Read the latest issue of The Dairy Bar, a bi-weekly report from IDFA partner Blimling and Associates, Inc., a dairy research and consulting firm based in Madison, Wisconsin. The Dairy Bar features spotlight data, key policy updates, and a one-minute video that covers timely topics for the dairy industry.
The Dairy Bar: China COVID Policies Further Snarl Supply Chains; Soaring Fuel Prices Hit Pocketbooks; and Global Milk Production in a Minute!
Quick Bites: Shanghai Shipping Snarls
- China’s zero tolerance policies on COVID policy are creating even more snarls in global supply chains – tangles that may take months to undo. Since Shanghai, the busiest container port in the world, went into lockdown on April 1, transport of goods in and out of the port has ground to a virtual halt, and wait times for loading and unloading have doubled.
- At the port, empty containers sit waiting for cargo, while ships wait offshore with no one to accept their loads. Logistics companies that consolidate products for shipping report they’re seeing less than 10% of their usual daily volume. Container ships idling at the port are facing wait times over eight days, more than double the pre-lockdown wait time.
- A major part of the problem lies in trucking. Strict policies are cutting off the movement of goods as truck drivers are regularly quarantined, leaving goods and raw materials stranded at warehouses or idling on parked trucks, leading to factory shut downs and shipment logjams. Daily truck volumes through Shanghai in mid-April dropped as much as 70% from the end of March.
- Covid numbers may be beginning to decline in the region. But experts predict that even if restrictions ease in the next couple of weeks, it could be well into summer before the waves from the current lockdown diminish.
- While the drop-off in Shanghai activity is giving a break to overloaded ports in the U.S. and Europe, it’s resulting in even more delays for companies and consumers waiting for products. Also, it’s creating a backlog that’s likely to overwhelm them once lockdown ends and the logjam of goods is released.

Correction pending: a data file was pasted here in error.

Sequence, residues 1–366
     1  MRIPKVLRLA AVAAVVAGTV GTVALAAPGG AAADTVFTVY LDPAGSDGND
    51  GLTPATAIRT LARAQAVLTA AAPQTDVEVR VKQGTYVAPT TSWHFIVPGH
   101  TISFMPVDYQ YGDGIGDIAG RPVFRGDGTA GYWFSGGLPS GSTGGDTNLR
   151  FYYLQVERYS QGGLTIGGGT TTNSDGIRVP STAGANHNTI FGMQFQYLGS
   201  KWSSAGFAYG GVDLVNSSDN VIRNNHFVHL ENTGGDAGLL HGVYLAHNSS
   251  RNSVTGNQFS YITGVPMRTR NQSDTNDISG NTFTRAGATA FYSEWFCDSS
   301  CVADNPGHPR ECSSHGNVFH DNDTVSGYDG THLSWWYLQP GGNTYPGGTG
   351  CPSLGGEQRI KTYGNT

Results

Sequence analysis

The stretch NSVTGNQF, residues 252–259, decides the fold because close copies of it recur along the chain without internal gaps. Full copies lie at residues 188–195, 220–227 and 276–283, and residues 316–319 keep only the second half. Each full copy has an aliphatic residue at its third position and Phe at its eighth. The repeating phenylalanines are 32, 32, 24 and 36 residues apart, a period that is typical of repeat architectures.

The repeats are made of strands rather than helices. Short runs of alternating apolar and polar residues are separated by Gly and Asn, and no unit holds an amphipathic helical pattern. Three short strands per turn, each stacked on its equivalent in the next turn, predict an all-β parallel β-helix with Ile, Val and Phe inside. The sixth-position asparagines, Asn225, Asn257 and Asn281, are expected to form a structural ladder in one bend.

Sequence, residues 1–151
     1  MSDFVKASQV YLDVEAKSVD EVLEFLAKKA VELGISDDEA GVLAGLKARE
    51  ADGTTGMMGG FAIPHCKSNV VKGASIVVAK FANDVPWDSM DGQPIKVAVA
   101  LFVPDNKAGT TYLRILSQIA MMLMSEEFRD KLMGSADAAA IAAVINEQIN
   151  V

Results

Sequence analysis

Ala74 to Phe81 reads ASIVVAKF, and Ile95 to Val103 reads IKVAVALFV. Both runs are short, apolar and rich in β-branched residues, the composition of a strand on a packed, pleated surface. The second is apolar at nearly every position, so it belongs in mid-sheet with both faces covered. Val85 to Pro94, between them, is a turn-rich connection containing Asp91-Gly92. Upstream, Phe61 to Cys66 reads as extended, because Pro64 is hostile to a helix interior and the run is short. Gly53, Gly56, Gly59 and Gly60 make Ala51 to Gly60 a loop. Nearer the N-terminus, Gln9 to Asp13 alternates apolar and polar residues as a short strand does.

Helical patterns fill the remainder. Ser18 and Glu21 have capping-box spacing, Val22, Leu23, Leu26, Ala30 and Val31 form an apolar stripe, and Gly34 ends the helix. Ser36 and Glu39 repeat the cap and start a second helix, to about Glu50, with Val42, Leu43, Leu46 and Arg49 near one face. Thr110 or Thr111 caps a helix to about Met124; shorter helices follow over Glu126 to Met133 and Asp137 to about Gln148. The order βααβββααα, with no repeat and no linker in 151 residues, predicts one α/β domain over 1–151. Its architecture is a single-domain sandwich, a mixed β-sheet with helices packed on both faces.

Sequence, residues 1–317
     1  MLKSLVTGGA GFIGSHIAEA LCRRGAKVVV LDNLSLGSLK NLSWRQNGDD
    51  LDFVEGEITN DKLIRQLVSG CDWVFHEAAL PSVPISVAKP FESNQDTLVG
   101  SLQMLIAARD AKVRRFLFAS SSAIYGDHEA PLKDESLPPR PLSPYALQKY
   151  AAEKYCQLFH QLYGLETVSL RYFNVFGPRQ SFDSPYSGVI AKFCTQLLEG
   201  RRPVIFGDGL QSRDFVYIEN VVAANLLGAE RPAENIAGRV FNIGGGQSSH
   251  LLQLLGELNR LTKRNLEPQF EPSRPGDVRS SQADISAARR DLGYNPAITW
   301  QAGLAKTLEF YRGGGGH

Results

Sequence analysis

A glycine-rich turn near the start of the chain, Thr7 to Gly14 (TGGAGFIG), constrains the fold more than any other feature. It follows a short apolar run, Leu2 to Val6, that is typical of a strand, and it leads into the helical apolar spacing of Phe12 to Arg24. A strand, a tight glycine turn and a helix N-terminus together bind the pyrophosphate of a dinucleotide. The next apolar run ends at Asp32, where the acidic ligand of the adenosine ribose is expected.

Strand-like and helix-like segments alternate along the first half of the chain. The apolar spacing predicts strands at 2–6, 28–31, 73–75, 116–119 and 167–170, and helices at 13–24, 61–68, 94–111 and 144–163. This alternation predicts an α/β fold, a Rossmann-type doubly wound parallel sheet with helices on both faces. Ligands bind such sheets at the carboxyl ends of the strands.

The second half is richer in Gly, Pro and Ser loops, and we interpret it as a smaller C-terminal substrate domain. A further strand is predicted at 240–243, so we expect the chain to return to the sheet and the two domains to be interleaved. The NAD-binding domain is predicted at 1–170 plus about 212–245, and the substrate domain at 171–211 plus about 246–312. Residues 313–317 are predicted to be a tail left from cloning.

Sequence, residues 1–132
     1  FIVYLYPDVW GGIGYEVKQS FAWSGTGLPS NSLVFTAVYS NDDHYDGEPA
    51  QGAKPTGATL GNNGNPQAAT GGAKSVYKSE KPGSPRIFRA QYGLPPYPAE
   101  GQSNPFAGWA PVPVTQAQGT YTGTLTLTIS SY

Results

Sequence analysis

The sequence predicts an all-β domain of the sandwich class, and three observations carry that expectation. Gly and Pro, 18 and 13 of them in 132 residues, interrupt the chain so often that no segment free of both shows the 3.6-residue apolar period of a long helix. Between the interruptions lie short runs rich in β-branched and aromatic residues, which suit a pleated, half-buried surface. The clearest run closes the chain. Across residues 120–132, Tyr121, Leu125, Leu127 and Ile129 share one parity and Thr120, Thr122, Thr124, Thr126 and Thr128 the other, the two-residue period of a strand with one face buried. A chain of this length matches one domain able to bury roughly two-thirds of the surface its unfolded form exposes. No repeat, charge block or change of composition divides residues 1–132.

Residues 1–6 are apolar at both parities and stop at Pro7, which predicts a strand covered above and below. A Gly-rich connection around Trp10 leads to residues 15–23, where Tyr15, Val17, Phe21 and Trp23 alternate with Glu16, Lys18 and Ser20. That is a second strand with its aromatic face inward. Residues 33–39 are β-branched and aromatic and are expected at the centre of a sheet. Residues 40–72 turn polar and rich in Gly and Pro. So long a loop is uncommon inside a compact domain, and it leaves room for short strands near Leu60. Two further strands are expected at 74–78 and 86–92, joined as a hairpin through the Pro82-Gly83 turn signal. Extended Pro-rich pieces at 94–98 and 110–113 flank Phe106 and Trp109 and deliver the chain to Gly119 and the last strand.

- Soaring gas and diesel prices are hitting everyone’s pocketbooks. For businesses that rely on fuel to operate, it’s creating a dilemma: How to absorb and deal with the sudden price leaps without alienating customers.
- Unleaded gas prices in March surged 20% versus February. Diesel, meanwhile, shot up 27% month-over-month. For truckers, diesel jumped more than $1.10 in two weeks after Russia’s invasion of Ukraine and now costs an average of 30 cents more per mile than two years ago.
- That’s creating a crisis for freight operators, particularly smaller trucking companies that have less breathing room to absorb additional costs. And it’s not just the height of the price climbs, it’s the speed. When prices shoot up so quickly, it’s difficult to adjust at an equal pace or to work out how to pass the new costs on to customers.
- Some small companies say they’re looking for more direct business with customers instead of using freight company middlemen. But many are finding that customers balk when they try to pass the costs on. They’re also implementing new policies such as delaying repairs, limiting idling times, reducing speed, and saying no to longer-haul jobs.
- Ultimately, that is likely to result in higher prices and longer wait times for consumers.
- Direct-to-consumer sales and delivery services are also looking for ways to adjust to new pricing as their own delivery costs soar. Amazon, for example, is coping with rising prices by adding a 5% fuel and inflation surcharge to third-party seller fees effective April 28. Sellers have reported they’ll likely have to raise their product prices as a result.
- Or take FedEx, which uses independent contractors to provide ground delivery services. It uses a formula to calculate its fuel surcharges. Those rose from 11.75% at the end of 2021 to 16.25% at the end of March, with more adjustments expected in April.
- Because gas prices are unlikely to drop much in the near future, businesses and consumers will continue to struggle with the new reality and impacts on their bottom line.